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philg
09 Jun 18, 11:09
This thread will be, as far as I can research, based on traditional Zen quotes, poems, and so on. I like Basho and have just finished reading various books about his poem-writing travels.

"Even in Kyoto-
Hearing the cuckoo's cry-
I long for Kyoto" Basho

Of the half-dozen or so translations I managed to track down I think this is one of the best. The cuckoo in Japan is the herald of summer, but has other meanings too. It stands for longing, melancholy and mourning, and is used in art to deal with large blank spaces on the page. It can also be understood as the spirits of the dead, desiring return to their loved ones. With these in mind, the poem also talks of Kyoto, the ancient capital of the island, and a center of Buddhist and Shinto shrines.

For me it comes together as an exercise in letting go. After all, how can you long for a place you are already in? Is he recognising his attachments to an ideal that Kyoto represents, or to something in his own past? Perhaps something which holds him back from seeing things such as Kyoto, or himself, in a different way, as they could be seen using insight gained from Zen practice.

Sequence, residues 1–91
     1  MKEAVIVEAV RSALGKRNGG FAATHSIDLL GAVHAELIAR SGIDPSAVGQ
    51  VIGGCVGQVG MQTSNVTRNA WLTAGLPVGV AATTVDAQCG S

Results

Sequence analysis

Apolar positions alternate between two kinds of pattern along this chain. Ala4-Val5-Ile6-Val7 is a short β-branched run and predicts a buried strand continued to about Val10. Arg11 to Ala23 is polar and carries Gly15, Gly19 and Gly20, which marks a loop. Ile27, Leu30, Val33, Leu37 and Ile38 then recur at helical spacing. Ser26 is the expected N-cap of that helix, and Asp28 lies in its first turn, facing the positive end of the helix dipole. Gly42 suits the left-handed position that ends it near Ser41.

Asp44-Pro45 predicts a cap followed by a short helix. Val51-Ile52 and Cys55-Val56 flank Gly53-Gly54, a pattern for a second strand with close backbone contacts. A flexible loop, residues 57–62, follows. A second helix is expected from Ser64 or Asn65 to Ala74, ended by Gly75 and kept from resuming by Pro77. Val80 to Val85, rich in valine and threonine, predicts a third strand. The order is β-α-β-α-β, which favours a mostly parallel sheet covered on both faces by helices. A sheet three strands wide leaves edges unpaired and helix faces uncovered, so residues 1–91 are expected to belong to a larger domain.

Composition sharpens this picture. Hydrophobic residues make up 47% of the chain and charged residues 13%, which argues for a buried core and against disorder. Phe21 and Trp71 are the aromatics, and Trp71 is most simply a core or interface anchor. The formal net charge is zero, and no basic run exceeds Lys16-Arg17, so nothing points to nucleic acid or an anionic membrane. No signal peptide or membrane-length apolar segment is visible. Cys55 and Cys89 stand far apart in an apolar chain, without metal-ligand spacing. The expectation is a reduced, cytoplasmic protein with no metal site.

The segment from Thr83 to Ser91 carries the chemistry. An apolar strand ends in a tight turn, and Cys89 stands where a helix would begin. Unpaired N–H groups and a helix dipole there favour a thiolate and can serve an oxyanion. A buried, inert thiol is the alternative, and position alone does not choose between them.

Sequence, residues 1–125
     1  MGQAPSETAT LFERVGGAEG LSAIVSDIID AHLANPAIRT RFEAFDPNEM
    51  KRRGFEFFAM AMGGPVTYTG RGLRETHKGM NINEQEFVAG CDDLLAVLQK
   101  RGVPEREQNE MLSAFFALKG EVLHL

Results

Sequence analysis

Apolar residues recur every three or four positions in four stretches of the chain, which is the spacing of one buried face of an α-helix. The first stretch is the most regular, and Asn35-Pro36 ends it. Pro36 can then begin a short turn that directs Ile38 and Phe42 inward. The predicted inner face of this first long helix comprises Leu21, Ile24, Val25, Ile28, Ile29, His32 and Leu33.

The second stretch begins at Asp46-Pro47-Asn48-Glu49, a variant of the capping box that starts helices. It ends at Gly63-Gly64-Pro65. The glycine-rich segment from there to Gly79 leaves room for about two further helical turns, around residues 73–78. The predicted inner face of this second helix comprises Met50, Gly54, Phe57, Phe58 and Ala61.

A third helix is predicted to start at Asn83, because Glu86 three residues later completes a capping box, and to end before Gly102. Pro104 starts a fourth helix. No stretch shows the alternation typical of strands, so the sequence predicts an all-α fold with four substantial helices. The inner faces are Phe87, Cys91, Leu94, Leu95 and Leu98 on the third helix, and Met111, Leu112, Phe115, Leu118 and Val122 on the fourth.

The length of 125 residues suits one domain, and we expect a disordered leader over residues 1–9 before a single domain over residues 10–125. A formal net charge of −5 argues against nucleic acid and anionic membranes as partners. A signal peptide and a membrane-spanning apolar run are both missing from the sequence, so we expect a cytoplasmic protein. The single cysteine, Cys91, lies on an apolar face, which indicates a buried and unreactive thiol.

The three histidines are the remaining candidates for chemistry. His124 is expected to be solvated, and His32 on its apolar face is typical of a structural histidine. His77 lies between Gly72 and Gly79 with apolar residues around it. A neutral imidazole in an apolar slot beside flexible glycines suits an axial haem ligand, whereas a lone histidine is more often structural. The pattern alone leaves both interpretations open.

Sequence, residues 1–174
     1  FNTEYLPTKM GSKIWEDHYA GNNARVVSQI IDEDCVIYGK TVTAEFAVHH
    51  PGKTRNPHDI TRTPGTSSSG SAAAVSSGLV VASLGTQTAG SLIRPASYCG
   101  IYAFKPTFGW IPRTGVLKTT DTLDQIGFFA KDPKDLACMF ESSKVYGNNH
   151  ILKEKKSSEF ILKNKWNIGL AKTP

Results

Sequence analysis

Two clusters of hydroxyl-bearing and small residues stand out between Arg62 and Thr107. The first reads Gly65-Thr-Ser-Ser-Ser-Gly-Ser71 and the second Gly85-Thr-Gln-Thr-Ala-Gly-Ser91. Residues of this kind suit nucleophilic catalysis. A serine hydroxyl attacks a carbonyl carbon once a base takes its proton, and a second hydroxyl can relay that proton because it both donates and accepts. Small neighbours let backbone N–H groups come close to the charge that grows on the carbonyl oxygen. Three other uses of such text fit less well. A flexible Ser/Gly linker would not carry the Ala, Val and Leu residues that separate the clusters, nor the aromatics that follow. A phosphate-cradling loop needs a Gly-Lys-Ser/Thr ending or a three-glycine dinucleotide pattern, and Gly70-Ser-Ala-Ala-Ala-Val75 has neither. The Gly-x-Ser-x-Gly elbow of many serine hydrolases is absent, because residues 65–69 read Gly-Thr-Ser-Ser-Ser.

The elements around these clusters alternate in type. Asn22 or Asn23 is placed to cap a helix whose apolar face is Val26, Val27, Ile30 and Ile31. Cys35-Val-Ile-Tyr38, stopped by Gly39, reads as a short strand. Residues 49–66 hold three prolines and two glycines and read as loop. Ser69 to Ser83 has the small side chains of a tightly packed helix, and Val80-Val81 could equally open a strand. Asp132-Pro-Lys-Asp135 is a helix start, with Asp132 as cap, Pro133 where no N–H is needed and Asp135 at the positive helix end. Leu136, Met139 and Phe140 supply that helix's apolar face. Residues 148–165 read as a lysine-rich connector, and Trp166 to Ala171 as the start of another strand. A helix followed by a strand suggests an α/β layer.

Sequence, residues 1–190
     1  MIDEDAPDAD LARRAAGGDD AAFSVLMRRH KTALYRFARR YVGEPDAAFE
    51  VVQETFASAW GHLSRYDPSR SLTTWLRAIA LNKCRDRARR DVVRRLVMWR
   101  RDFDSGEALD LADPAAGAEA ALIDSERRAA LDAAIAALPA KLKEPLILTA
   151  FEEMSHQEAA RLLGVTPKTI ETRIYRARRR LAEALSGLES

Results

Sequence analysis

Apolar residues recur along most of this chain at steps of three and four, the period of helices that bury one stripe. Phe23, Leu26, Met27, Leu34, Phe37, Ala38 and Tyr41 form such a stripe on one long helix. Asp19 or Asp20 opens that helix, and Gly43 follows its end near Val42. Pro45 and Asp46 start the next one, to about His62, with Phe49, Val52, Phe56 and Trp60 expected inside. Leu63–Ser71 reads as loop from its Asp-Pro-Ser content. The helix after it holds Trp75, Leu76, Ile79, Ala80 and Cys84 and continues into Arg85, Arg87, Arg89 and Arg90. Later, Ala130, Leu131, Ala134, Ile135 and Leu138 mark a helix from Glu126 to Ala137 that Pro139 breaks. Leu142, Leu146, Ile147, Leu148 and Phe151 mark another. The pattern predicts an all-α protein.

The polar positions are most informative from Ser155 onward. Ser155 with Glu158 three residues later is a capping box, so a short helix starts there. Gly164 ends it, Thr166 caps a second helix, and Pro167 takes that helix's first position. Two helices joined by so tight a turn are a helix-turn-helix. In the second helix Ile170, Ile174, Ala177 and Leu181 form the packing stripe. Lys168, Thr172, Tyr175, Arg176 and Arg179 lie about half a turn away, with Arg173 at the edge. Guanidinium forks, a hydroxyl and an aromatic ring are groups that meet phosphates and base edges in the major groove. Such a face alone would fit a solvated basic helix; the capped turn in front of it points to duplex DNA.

The poem shifts the plea to let go from the reader to the poet, allowing the reader space to reflect on the idea, in a different way to if someone had merely told them to do so: "I long for Kyoto" rather than "You long for things, and you need to let go of that longing."

philg
15 Jul 18, 13:39
The sound
of water
says
what I think.

- Chuang Tzu

Interesting to listen to the seeming chaotic sounds of a waterfall or a stream over stones, or even the fountain in my pond as it desperately tries to keep the water aerated in this summer's heat in the UK. We are hard-wired to look for patterns in seemingly random sensory data, so it's not surprising we occasionally seem to 'hear' murmuring or babbling voices when we listen to water.